Bob Fournie could write a book about how farming has changed over the years.
His grandfather, Prosper, used a hand-held cultivator pulled by a mule.
"It did a pretty good job," said Bob, 79, owner of Fournie Farms near Collinsville. "The only thing is, you couldn't cover very many acres in a day. You had to let the mule rest."
Bob's father, Leroy, was one of the first farmers in the area to get a tractor.
"I think it was a John Deere," Bob said. "Everything had steel wheels at that time. Hardly anyone had rubber tires."
But there's one thing that hasn't changed in farming: the importance of rain.
After seven decades in the family business, Bob considers 2012 his worst year ever due to drought.
"It started going downhill (in May) and just continued a gradual decline," he said. "There's never been an upbeat."
The farm has lost five plantings of sweet corn and has seen lower yields of other crops.
It's been frustrating for Bob, who takes pride in his produce.
"He's a stickler," said his wife, Jean, 73. "Everything has to be the best quality or he doesn't want to sell it."
This is the 30th anniversary of the Fournies' open-air market, a local landmark off Horseshoe Lake Road.
They're particularly grateful for loyal customers who have become friends.
"I like the produce, and I like the people," said Fran Robertson, 74, of Collinsville. "It's nice to get things grown in the area instead of shipped in from someplace else."
Fran was rooting through a box of potatoes while holding bags of green beans, squash and sweet corn.
Her sentiments were echoed by Sharyn Mussulman, 64, of Collinsville, who had come for garlic, tomatoes, zucchini and watermelon.
"I really like seeing a face with my food," she said. "I would love to go to a butcher and see a face with my meat.
"When you deal with people like this, you know your food is going to be good."
"People like this" include Bob's son, Danny, who helps with the farm, and Jean, who runs the market with daughter-in-law Cathy and granddaughter Amber.
"We cater to the people," Jean said. "If someone wants one ear of corn, we sell them one ear of corn. That's all some elderly people can afford."
Fournie also supplies restaurants, such as the Farmhaus in South St. Louis.
Owner Kevin Willmann, 34, lives in Collinsville and stops by the market twice a week.
"I get to hand-pick the produce, and these guys do a great job," he said. "They grow quality food, and our restaurant supports local farmers."
The Fournies farm about 360 acres, most owned by other people. The market is painted bright red because Bob thinks it's a "happy" color.
He puts on his blue Dickies every morning and works in the fields, despite a history of prostate cancer, skin cancer and two heart attacks.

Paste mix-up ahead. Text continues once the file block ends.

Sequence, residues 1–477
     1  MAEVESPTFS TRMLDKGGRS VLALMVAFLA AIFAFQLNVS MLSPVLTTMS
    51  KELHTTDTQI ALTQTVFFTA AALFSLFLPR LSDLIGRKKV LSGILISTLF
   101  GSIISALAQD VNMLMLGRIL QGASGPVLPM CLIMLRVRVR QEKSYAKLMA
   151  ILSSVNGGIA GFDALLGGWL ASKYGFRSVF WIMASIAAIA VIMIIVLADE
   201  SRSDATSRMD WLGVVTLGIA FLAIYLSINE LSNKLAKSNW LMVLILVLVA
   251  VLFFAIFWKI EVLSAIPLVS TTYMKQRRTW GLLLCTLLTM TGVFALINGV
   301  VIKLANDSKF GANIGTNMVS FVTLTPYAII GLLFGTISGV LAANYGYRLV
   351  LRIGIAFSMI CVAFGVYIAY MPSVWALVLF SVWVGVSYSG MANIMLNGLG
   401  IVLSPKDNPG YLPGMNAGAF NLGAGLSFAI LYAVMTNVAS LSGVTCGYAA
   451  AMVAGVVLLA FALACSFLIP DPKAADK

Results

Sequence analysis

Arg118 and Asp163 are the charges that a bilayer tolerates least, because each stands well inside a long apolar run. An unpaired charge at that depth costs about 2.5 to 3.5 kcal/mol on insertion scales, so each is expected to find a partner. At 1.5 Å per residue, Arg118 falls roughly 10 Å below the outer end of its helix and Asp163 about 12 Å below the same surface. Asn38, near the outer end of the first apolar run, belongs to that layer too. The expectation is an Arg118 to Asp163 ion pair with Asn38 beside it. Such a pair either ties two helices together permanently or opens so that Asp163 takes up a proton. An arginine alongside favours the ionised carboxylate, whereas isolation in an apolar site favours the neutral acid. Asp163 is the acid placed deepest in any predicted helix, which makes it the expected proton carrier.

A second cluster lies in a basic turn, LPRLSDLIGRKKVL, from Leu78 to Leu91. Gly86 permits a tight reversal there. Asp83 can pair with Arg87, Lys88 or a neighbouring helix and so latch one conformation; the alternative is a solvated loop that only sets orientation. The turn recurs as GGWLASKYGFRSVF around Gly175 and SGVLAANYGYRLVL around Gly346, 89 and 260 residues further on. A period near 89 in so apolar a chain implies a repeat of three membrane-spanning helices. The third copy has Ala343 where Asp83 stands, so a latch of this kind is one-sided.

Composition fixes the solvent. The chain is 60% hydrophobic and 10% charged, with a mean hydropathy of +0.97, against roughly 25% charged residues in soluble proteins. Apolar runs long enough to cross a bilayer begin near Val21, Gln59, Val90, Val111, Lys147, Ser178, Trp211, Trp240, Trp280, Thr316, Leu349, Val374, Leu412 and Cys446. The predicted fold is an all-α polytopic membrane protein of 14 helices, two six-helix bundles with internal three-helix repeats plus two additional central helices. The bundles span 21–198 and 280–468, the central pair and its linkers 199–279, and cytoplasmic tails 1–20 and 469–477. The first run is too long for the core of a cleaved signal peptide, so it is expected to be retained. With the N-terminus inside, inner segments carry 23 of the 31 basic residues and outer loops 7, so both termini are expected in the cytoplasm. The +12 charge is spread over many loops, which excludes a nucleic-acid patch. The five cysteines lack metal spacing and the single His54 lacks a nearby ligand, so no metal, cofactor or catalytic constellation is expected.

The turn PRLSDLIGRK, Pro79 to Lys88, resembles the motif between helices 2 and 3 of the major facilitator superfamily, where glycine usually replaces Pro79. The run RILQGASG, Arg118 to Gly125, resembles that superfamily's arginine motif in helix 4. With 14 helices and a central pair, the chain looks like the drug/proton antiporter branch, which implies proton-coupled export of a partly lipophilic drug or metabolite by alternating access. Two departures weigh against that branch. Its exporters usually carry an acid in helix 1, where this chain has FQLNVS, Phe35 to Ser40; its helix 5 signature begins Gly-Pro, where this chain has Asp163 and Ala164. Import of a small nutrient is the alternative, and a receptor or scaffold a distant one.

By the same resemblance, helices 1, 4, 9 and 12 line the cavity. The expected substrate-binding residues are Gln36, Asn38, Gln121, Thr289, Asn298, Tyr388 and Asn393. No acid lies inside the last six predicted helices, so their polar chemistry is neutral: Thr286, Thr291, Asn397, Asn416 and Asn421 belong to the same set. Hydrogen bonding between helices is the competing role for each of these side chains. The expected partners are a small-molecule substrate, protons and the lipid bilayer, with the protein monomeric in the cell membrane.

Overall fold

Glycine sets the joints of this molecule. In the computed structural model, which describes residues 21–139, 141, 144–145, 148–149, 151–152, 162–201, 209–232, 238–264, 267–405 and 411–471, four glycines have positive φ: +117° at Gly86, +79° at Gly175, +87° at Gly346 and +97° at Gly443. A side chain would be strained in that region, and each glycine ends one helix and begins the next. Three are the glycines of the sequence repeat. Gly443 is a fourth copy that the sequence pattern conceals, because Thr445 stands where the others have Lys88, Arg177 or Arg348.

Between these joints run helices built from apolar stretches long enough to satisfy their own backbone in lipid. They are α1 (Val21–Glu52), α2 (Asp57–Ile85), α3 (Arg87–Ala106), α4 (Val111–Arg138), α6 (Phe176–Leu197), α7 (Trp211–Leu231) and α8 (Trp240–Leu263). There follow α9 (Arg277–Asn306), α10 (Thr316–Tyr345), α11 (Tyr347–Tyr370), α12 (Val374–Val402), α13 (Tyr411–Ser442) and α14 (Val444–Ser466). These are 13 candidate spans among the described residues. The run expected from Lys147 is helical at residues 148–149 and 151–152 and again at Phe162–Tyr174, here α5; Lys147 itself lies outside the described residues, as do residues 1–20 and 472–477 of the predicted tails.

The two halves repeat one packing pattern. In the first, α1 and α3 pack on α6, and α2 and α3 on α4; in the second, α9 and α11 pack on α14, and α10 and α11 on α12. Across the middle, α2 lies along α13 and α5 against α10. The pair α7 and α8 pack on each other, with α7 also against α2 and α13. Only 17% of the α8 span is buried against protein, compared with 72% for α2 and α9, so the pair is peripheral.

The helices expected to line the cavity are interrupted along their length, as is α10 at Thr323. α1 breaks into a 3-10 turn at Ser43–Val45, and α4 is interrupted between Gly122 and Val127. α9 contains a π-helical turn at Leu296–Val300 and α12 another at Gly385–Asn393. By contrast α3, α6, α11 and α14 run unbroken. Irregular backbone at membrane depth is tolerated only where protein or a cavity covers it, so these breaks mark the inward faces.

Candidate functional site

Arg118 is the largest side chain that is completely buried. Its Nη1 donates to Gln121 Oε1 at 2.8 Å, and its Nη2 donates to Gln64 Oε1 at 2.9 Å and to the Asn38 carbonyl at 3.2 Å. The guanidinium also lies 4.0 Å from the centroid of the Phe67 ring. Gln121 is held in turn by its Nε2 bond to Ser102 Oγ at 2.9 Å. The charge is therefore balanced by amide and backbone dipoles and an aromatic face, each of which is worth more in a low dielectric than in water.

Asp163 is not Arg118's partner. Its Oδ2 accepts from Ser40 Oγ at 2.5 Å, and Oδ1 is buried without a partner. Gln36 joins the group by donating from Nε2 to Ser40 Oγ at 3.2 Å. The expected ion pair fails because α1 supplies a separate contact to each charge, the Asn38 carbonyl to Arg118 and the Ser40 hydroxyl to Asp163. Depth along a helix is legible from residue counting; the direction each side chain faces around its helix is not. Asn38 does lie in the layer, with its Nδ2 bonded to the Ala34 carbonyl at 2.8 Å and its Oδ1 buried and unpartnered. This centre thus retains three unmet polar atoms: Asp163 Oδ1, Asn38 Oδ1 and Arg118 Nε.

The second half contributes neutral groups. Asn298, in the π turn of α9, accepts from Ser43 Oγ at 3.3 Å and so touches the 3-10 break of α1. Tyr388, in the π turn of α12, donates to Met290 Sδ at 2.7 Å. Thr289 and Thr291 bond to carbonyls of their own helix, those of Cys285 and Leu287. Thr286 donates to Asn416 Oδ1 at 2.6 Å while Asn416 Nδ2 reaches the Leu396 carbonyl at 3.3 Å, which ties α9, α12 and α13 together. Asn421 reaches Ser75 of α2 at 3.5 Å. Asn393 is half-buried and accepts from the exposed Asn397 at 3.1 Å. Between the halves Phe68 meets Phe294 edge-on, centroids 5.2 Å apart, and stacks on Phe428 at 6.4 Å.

"It was 107 degrees the other day, and he was out there picking okra," his wife said. "He's amazing."
Jean also is a worker, judging from her muscular arms and tan skin.
She stocks and sells produce, keeps the books and plants seeds by hand.
"I'm from a farm background," said Jean, who married Bob in 1958.
Danny, 49, works the ground, does the spraying and makes a daily trip to Produce Row in St. Louis to pick up fruits and vegetables the Fournies don't grow on site.
Danny also supervises the farm's Mexican pickers. He's fluent in Spanish.
"I was driving a little Ford 8N tractor when I was 5 years old," he said, sporting a ballcap and bushy beard. "When I was 8, I was cultivating horseradish with a Super C."
Danny and Cathy live down the road from Bob and Jean, who occupy the 1869 farmhouse Prosper bought in 1931.
Cathy, 52, has been working at the market every summer for 30 years. She knows many customers by name.
"We ask them how they're doing," she said. "We try to create a friendly atmosphere."
Bob took over Fournie Farms at 13 when his father died of a heart attack.
"He had to quit school," Jean said. "His mom had four other kids, and she was seven months pregnant."
In those days, the family raised cattle, hogs and chickens, smoked their own meat, canned their own produce and even ground their own flour.
They were self-sufficient, except Bob's mother traded eggs for coffee and salt.
"If you wanted chicken and dumplings, my mom would go out and ring a chicken's neck," Bob said.
He and his brother, Jimmy, continued to operate the farm as adults, selling to Produce Row or other roadside stands.
The family opened its own stand on July 4, 1982, mainly to create a job for Bob's daughter, Anna.
"All our kids worked on the farm (Danny, Anna and sister Susie)," Jean said. "I've got to say, they never complained when something needed to be done."
In the past three decades, the Fournies have expanded several times. They give some credit to dedicated employees, including Millie Sprinot, 80, of Collinsville, who has worked in the market 26 years.
The family's immediate concern is just staying afloat through their driest, hottest season. They're not ready to give up.
"(Farming) is in the blood," Danny said. "You either like it or you dislike it. The fresh air, the camaraderie, the array of people who come to buy vegetables ... And I like the feeling of accomplishment.
"When you put something in the ground and see it grow, you know, 'I did that.' You know you are doing a service. You know there's a reason why you're here."